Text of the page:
areas such as material storage areas.

External lights should be positioned such that they point towards the ground and are
shielded. Where possible all point light sources should be shaded and no naked lights
should be visible from outside the buildings.

Care must be taken when considering the materials and colours used. The use of highly
reflective surfaces must be avoided as reflected sunlight can create a visual impact and
affect the ‘sense of place’ experience.

If dust becomes problematic, roadways should be dampened.

Water use must be continually monitored and all water must be clean.

Water saving measures must be implemented wherever practical.
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11 SUSTAINABILITY CONSIDERATIONS
Consideration and effort is being applied to sustainability measures in the design of the various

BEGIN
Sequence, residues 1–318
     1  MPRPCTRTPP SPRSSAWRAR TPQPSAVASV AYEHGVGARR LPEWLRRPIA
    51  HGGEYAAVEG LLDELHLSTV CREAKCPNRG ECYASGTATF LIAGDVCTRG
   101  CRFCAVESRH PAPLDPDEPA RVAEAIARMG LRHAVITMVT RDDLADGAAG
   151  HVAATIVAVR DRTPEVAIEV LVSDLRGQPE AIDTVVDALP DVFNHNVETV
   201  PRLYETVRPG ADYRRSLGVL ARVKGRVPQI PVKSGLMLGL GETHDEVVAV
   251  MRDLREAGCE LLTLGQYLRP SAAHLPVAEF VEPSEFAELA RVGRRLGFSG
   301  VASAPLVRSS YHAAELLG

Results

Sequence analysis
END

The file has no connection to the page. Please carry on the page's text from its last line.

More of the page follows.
refurbishments. These include the implementation of ‘green’ building techniques, reducing the
environmental footprint, minimising disturbance and applying techniques which ensure the
aesthetics of the developments compliments the surroundings and location. Furthermore, each
of the developments has been planned with a focus primarily aimed at sustainability and the
importance of maintaining ecological integrity so as not to disrupt the functioning of ecosystem
patterns and processes.
Waste will be minimised through the reuse of building materials and internal décor where
possible.
12 ENVIRONMENTAL IMPACT EVALUATION
An ‘environmental impact’ considers the environmental consequences, whether positive or
negative, that a proposed development is likely to have on the receiving environment. The
significance of an environmental impact depends on its extent, intensity and duration, sensitivity
of the receiving environment, the degree of change, and the probability that the proposed
development will impact the receiving environment.
METHOD AND CRITERIA
Based on responses to issues identified for the proposed site, and adopting the precautionary
principle in cases of uncertainty, potential impacts associated with each issue were subjectively
classified according to the direction of impact viz. positive, negative or neutral. Negative impacts